23.4.15

SPEAK OF THE DEVIL, by Richard Hawke

1/series. Semi-noir, grabs you from page one! Skillful plotting and fascinating characters make this debut novel an easy read. The Thanksgiving Macy's Parade is booming along Central Park when a gunman opens fire. Fritz Malone, PI, wandering back home with a bag of fresh bagels, gives chase into Central Park and, using a dead cop's gun, shoots the gunman. In the shoulder. Only an hour later, Malone - now in police custody - discovers the gunman is dead. But shoulder wounds don't kill...what's going on? Click below for more no-spoiler review...

THE LAST RUNAWAY, by Tracy Chevalier

1850 middle America. Emigrating from the gentle, cultivated, civilized hills of western England to the flat, forested, threatening plains of Ohio, young Quaker Honor Bright accompanies her betrothed sister to a new life. Honor has been jilted, and knows happiness in England is over; going with her sister is an impulsive decision. But the mere physical change in surroundings is nothing compared to the other changes the gentle, self-effacing Quaker must face, for Oberlin, Ohio is one of the major way-stations on the Underground Railroad, and she is soon swept into protecting runaway slaves trying to reach Canada and safety. This brings Honor and her new family into conflict; there's more to risk than just helping a runaway. Click here for more...

21.4.15

THE CHILDREN ACT, by Ian McEwan

Life happens while you're living your life and the things that happen often are so unexpected, so devastatingly unexpected, that you wonder whose life is this I'm living? Ever feel that way? (Ever wonder how I actually wrote that first sentence?) British High Court Judge Fiona Maye leads a responsible, high-pressure life. In spite of the ancient trappings - the Inns of Court, the panoply and the camaraderie of the profession - she works in a pressure cooker where lives are often at stake. A new case, an emergency, deal with an almost-eighteen boy with leukemia. A Jehovah's Witness, he has refused the transfusion that could save his life. Fiona must tread the delicate line between religious belief and the right of a minor as set forth in the Children Act. Click below for more...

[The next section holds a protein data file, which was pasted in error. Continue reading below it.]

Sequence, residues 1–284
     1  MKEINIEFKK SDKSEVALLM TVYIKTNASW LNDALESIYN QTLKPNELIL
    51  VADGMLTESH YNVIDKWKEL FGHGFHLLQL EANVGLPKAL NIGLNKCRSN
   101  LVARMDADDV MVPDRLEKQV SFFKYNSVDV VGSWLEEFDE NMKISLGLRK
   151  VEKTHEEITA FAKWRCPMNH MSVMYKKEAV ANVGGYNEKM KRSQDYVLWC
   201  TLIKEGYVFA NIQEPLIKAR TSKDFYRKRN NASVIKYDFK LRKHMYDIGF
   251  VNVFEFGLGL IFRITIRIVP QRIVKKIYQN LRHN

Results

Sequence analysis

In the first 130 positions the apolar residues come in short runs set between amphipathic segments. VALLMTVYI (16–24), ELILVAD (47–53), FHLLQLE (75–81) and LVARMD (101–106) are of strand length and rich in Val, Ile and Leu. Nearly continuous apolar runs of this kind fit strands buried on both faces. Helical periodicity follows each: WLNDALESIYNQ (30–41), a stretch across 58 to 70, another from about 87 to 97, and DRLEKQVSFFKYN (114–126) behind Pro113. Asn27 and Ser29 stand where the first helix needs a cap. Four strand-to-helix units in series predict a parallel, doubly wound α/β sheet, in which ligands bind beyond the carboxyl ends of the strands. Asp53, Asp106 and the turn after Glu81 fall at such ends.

QUEEN TAKES KING, by Gigi Levangie Grazer

Devotees of tales of the super-rich - in this case hyper-rich - will settle down with a box of bonbons and gobble this fast-paced Big Apple tale right up. Cynthia Hunsaker Power, ex-ballerina, patron of the arts, mother of lesbian (shhh!) Vivienne, wife of "The People's Billionaire" Jackson Power (world's largest fortune/ego, even including the Donald), throws a dazzling twenty-fifth anniversary party at the Waldorf. Jacks arrives late, sweeps his seething wife into the first dance, and they mug - with class - for the milling papparazzi. The next morning, the papers feature not only the dance shots, but a half-hour earlier shot of Jacks kissing his young, gorgeous mistress goodbye in front of her apartment. Click below for more...

17.4.15

CRASHED, by Timothy Hallinan

1/series. Ah, the joys of crooks-with-an-honest-heart (more or less). And from swinging from a chandelier while three dobes snarl below. And from finessing the whole thing. That's the life of Junior Bender, second story man to the stars, operating in Hollywood with a California kind of plot: very funny, improbable, entertaining, and believable enough to keep you reading. Junior, never caught (he started breaking into houses when he was 14) although he earns his income from burglary (hence his divorce), is being blackmailed by a lovely and icy-coldly calculating mobster's daughter, and he's got to steal a painting for her. Despite the dopes and the chandelier swings, and mission success (of a sort), the blackmail and the corrupt cop running it goes on. Click here for more...